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Crisis from an Islander's Perspective
Learn what Europe's financial crisis has been like on the island of Ischia
This is an interesting time in history to be in Italy. While most Italians are looking for an exit plan, my husband and I returned to Italy for at least nine months. We didn't even decide to live in a major city, where the financial crisis and political turmoil might have less impact. No, we decided to take our chances on Ischia, an island off the coast of Naples that is home to my ancestors and my husband. In fact, my own family ran away from the place in the 1950s and 1960s, just before tourism took off here, because the opportunities for young people amounted to zilch.
We're returning to this small island that relies pretty much solely on tourism for its economy. I know. I know. We sound like those crazy foreigners who drive down a one-way street in the wrong direction. My husband returned here unemployed and looking for work, while I, a freelancer, am putting at risk my relationship with my most important (read: best-paying) client.
All the while, we're raising our 19-month-old American son here in Italy. To make things even more interesting, my son is allergic to something – we don't know what – but the doc is blaming it for an ear infection, bronchitis, and a rash. Even with socialized medicine, baby's allergy requires money to treat. He needs medications – cough syrup, antibiotics (two, so far), and probiotic (to deal with the diarrhea, which results from taking the antibiotics). Of course, our son's appetite remains unaffected, which means we have to buy food, lots of food because he eats as much as a 20-year-old with a bad case of the munchies.
Medicine is definitely cheaper in Italy than in the States, so that's welcome. Back in New Jersey, we only had to buy medicine once, so far, for baby, so it's a cost we don't usually have but at least it's low. The food, however, is expensive. It costs twice as much as in the United States. Using coupons and frequent buyer's cards are becoming more popular, but it's nothing compared to the use in the States. There are certainly no warehouse stores, such as B.J.'s or Costco, to be found. Recently, a one euro store (similar to our dollar store) opened, but it does not have the same kinds of staples that American ones have. To get cheaper diapers and wipes, you generally have to go to Naples on the boat with your car, which isn't cheap either.
Because Ischia is an island, trucks bringing over products and food have to pay for additional travel on the boat, and that makes the prices even higher here. It's not just food either. Clothes and other necessities cost more, too. I almost never buy clothing here. We bring everything we can for us and baby from the cheaper United States. After all, most of the clothing stores on the island sell designer items. I recently passed by one window with a Dolce & Gabbana dress for baby girls that cost 245 euro. You can imagine in this crisis that the store was completely empty.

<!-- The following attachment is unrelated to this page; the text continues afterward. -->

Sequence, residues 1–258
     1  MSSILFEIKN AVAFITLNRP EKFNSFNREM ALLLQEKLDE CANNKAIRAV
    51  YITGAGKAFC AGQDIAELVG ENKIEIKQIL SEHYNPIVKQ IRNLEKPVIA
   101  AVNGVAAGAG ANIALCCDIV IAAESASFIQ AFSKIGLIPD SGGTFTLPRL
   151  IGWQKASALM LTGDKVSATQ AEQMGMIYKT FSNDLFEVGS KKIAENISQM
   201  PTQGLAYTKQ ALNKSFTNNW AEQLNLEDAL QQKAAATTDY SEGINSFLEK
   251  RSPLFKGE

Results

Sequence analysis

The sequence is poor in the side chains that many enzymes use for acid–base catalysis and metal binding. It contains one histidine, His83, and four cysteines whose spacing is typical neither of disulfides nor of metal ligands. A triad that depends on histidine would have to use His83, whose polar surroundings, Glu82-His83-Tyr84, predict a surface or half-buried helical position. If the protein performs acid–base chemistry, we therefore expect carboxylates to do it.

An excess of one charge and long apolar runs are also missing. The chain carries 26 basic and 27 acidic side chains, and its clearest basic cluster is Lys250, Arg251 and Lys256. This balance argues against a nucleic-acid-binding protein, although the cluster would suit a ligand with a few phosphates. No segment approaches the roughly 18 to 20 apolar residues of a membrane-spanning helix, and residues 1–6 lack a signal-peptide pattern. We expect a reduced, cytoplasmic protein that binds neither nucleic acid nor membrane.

Hubby was lucky to get a job within a month of our arrival. But others we know are still unemployed. The problem is that Ischia's work is seasonal. Generally, people work in a hotel or tourist haven – such as a beach or thermal spa – for six months. Working six months guarantees you will get paid unemployment during the winter months. This year, owners of hotels and other tourist attractions are hiring fewer employees for the season. And the ones who do get hired are not getting to work for six months, so the owners don't have to pay into unemployment. As a result, many of them will make some money now and will likely be broke by winter.
Of course, they can plan ahead. That means spending less on food, clothes, and necessities (which I've explained is hard to do). Forget about vacations and luxuries, such as indulgences in home renovations or new cars. Life is about getting by these days. Just walking on the street gives you a good idea of just how bad the crisis is. There are closed storefronts, empty tables and chairs at the local bars that are usually swarming with tourists at this time of year, and bored shopkeepers sitting outside their store's doors with nothing to do but gossip with the townspeople.
One of the local shop owners recently told me that if he didn't own the property on which his jewelry store sits, he wouldn't be able to make rent and he would have had to shut his doors. Things are that bad, he says. He has never seen this kind of crisis.
Sometimes, when I'm here I think that we Americans from the fancy suburbs on the East Coast are just spoiled. We don't need all these material items. But then I also realize that having little money means having an insular view of the world, too.
Some of the people I know on Ischia have never left the island. Some never will leave the island. Some, who do leave, go to Naples or Rome and that's it. There are some who visit the United States or South America or Africa or the Middle East. The majority stay put. They can't afford to even dream of a life that would permit such expensive travel. And they learn to fear flying and the unknown. That's when I think having a little extra money never hurts. It gives you the chance to know what you're missing, to know what else is out there. It has given me the opportunity to know just how good I have it.
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